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This paper introduces the application of some principles of the actor-network theory (ANT) to understand the sociotechnical effects of the implementation of intelligent information systems in logistics, i.e. the effects on the organizational structure, business processes and decision-making policies. It is shown how intelligent agents (IA) playing a core innovative role in modelling an integrated information system for logistics participate in the processes of formation and stabilization of alliances with human actors (developers, users), the material infrastructure of a logistics system and information/knowledge resulting in a new quality of design of control systems for logistics, standardization of protocols and invariance of server-client relations in the space of networks supporting stability of the information infrastructure of a geographically distributed organization. The paper aims at bringing the attention of the AI researchers, MAS theorists, human-machine systems engineers, ergonomists, knowledge engineers, logistics specialists and broader research community to the actor-network paradigm and its applied potential in sociotechnical systems research.KeywordsActor-network theoryIntelligent systemsIntelligent agentSociotechnical systems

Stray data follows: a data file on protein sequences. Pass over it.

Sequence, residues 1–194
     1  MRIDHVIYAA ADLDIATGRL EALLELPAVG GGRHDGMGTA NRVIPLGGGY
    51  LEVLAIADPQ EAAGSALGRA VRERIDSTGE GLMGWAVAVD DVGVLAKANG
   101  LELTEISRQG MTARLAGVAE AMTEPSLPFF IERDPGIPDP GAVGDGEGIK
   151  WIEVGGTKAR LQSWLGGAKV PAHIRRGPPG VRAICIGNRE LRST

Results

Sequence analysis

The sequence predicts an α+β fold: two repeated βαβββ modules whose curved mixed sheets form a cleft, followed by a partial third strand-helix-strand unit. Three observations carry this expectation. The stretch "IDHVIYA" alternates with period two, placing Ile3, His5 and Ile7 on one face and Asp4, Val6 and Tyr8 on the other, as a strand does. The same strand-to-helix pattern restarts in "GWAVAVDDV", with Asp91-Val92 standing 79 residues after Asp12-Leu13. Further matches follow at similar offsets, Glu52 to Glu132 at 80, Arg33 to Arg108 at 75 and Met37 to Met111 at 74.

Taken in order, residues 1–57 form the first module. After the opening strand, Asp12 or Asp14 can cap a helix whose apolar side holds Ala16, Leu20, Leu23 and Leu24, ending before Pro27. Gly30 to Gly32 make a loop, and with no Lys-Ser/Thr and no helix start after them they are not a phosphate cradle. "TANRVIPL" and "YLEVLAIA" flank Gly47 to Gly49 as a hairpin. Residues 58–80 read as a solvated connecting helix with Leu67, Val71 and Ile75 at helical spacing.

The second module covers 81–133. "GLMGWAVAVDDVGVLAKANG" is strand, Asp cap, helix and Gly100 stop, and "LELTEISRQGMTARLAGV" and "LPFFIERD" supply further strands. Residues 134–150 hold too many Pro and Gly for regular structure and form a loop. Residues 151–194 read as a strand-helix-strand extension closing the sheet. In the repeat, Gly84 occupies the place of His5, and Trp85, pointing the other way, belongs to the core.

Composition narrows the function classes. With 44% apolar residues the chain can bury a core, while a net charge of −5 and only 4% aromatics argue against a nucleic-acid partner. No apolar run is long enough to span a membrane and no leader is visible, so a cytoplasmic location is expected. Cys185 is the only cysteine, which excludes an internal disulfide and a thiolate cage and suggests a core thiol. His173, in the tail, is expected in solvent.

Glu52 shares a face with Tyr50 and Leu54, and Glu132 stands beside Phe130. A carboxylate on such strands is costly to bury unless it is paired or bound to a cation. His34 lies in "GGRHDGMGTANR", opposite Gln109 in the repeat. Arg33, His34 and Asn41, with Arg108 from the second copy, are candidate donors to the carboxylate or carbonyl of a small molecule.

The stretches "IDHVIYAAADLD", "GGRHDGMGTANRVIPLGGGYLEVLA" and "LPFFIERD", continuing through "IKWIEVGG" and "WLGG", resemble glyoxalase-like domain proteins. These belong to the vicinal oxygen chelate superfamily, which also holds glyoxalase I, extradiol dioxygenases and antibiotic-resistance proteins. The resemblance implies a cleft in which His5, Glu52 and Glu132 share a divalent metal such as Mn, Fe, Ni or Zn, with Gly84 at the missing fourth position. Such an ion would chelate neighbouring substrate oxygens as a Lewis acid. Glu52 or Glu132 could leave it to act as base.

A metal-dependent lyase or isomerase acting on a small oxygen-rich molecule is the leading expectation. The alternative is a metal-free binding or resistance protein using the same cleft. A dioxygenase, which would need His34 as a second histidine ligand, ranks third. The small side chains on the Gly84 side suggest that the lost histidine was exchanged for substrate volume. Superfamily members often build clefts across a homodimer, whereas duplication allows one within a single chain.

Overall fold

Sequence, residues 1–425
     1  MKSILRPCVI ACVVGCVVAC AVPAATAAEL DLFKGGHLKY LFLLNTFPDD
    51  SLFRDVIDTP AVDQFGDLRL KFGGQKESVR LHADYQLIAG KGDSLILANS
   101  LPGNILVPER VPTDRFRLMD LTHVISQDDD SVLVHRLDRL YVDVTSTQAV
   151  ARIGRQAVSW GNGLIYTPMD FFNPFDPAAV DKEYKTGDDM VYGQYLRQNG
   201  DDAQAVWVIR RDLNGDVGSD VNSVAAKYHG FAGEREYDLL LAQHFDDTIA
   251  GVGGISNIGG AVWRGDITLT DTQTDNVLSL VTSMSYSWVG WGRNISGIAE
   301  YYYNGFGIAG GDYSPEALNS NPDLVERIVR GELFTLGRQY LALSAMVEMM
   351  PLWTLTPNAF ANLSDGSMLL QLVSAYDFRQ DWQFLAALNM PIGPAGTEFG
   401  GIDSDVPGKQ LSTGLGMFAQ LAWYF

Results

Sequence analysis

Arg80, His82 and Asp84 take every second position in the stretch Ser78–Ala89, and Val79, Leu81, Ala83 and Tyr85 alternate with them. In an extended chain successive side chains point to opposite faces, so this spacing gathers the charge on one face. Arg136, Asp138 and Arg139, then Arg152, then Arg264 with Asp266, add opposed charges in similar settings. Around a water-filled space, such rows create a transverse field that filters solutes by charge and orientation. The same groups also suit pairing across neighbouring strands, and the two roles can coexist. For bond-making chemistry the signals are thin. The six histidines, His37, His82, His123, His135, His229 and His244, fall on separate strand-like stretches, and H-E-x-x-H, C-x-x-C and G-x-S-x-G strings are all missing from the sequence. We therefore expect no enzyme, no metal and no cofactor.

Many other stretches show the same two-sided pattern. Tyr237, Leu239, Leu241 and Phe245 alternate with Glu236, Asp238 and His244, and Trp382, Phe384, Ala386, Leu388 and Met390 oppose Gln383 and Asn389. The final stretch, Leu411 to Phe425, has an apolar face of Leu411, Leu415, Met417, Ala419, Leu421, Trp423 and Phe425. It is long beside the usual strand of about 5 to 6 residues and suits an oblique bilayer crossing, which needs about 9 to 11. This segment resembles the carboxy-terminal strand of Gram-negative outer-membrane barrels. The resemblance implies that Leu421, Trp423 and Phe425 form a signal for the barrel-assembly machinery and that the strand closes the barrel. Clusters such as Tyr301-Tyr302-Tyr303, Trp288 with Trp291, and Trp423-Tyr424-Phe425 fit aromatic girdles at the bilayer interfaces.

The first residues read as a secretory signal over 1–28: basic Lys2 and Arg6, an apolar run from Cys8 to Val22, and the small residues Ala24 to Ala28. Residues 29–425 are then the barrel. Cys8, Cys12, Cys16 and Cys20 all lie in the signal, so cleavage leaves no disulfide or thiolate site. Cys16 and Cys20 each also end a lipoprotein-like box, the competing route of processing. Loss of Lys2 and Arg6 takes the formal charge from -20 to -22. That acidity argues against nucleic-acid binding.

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The Data Journalism Handbook: Towards a Critical Data Practice provides a rich and panoramic introduction to data journalism, combining both critical reflection and practical insight. It offers a diverse collection of perspectives on how data journalism is done around the world and the broader consequences of datafication in the news, serving as both a textbook and a sourcebook for this emerging field. With more than 50 chapters from leading researchers and practitioners of data journalism, it explores the work needed to render technologies and data productive for journalistic purposes. It also gives a "behind the scenes" look at the social lives of data sets, data infrastructures, and data stories in newsrooms, media organizations, start-ups, civil society organizations and beyond. The book includes sections on "doing issues with data," "assembling data," "working with data," "experiencing data," "investigating data, platforms and algorithms," "organizing data journalism," "learning data journalism together" and "situating data journalism."